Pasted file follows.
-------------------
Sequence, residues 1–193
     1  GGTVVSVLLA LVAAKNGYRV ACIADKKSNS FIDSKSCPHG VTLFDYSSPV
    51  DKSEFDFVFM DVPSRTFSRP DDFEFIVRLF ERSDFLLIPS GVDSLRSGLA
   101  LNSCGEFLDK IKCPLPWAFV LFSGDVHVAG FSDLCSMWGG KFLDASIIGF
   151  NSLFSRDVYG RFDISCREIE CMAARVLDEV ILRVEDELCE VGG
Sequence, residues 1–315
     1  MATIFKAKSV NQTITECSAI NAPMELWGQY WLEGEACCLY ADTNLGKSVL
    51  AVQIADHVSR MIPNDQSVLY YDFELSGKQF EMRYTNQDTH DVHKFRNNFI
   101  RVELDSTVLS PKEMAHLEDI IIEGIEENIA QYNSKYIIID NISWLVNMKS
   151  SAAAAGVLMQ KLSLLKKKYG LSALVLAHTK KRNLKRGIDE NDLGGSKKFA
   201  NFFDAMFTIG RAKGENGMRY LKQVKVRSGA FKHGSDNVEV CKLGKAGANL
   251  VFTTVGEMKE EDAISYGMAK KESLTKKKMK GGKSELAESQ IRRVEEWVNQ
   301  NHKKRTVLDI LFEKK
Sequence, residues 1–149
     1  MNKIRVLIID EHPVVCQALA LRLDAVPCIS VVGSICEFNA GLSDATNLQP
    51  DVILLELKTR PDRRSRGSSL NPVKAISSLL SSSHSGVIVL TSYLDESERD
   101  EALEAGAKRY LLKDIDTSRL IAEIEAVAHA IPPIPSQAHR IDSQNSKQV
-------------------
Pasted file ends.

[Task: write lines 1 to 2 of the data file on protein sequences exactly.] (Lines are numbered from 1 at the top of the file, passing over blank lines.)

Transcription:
Sequence, residues 1–193
     1  GGTVVSVLLA LVAAKNGYRV ACIADKKSNS FIDSKSCPHG VTLFDYSSPV